3. Individuals with autism are not capable of showing love. This myth seemed to hold true during the first four years of Evan’s life. Then, we did not get a sense that he felt attached to us in any way. I used to wonder if he’d even notice if suddenly we were not around.
Those years, parenting him reminded me of a child with a pet goldfish. The child loves his fish. He plays with and takes care of it by providing basic needs, like food and clean water, but the fish never appears to notice the child. While it seems harsh to compare my son to a pet goldfish, in all honesty it’s the most accurate description I can think of (as painful as it is to admit).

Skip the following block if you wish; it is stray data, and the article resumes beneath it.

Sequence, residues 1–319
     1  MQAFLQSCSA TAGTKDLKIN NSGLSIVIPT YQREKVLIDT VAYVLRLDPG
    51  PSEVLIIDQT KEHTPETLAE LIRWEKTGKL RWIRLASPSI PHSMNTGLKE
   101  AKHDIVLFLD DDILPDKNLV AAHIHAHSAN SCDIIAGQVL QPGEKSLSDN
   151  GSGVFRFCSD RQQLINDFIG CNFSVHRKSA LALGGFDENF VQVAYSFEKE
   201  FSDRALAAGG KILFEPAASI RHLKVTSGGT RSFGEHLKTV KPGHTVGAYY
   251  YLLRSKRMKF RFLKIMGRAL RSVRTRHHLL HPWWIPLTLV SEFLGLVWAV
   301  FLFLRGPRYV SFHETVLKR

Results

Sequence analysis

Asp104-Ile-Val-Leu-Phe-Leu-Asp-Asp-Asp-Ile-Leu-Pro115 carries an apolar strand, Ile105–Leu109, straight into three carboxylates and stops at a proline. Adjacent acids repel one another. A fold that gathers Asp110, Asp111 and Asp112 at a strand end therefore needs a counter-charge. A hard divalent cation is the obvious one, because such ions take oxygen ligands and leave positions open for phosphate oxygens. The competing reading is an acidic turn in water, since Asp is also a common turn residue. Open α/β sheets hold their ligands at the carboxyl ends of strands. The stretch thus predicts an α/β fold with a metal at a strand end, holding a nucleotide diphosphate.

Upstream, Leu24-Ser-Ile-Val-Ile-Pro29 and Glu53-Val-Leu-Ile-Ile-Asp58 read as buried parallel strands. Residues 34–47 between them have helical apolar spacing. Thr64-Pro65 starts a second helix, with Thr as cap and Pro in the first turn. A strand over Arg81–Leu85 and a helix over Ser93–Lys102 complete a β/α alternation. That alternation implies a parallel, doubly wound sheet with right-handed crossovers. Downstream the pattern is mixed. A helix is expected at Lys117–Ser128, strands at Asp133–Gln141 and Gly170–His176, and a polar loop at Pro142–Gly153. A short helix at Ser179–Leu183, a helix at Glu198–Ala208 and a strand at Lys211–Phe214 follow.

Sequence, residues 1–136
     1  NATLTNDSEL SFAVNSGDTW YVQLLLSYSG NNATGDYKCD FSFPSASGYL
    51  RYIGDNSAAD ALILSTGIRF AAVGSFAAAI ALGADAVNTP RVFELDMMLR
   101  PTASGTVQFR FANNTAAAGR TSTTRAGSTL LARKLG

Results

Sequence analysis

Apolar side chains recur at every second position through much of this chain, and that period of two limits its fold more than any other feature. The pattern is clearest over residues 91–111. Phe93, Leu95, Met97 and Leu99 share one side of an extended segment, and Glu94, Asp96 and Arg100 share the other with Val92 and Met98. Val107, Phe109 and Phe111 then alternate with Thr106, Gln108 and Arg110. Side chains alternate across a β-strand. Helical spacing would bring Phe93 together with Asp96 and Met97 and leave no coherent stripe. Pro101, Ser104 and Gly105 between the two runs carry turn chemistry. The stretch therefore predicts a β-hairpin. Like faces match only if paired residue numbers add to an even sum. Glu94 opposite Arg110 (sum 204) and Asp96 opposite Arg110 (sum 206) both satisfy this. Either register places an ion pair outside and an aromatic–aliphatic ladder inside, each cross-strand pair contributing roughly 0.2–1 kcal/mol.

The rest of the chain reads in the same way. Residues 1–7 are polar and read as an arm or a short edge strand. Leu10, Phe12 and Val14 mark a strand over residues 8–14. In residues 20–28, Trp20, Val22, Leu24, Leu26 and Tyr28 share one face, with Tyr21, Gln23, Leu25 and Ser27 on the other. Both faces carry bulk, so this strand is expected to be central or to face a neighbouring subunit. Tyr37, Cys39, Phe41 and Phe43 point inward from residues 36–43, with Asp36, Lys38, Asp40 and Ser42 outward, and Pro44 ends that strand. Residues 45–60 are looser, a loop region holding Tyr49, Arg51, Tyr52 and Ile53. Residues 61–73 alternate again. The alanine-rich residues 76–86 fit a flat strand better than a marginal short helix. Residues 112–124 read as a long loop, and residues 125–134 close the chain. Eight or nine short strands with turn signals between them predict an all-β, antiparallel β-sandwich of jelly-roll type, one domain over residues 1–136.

Fortunately, as Evan got older, he started to show us his love. He did this by playing with my hair, smiling at his siblings and burying his head in his dad’s arms. More recently, he began responding to an “I love you” with “I love you, too,” but it was something we taught him to say. We were glad to hear those three words from a child we once thought might never talk. But we still wondered if he was truly capable of reciprocating our love.
Now he totally understands. He knows how it feels to be loved, and he knows how to love. He says “I love you” spontaneously (and appropriately). Sometimes, like any kid, he says it because he wants something, but mostly it’s because he loves us. Recently he crawled into bed with my husband Jon and me, and the three of us snuggled. “This is what love feels like,” Evan said. Yes, Evan gets it because that is exactly what love feels like.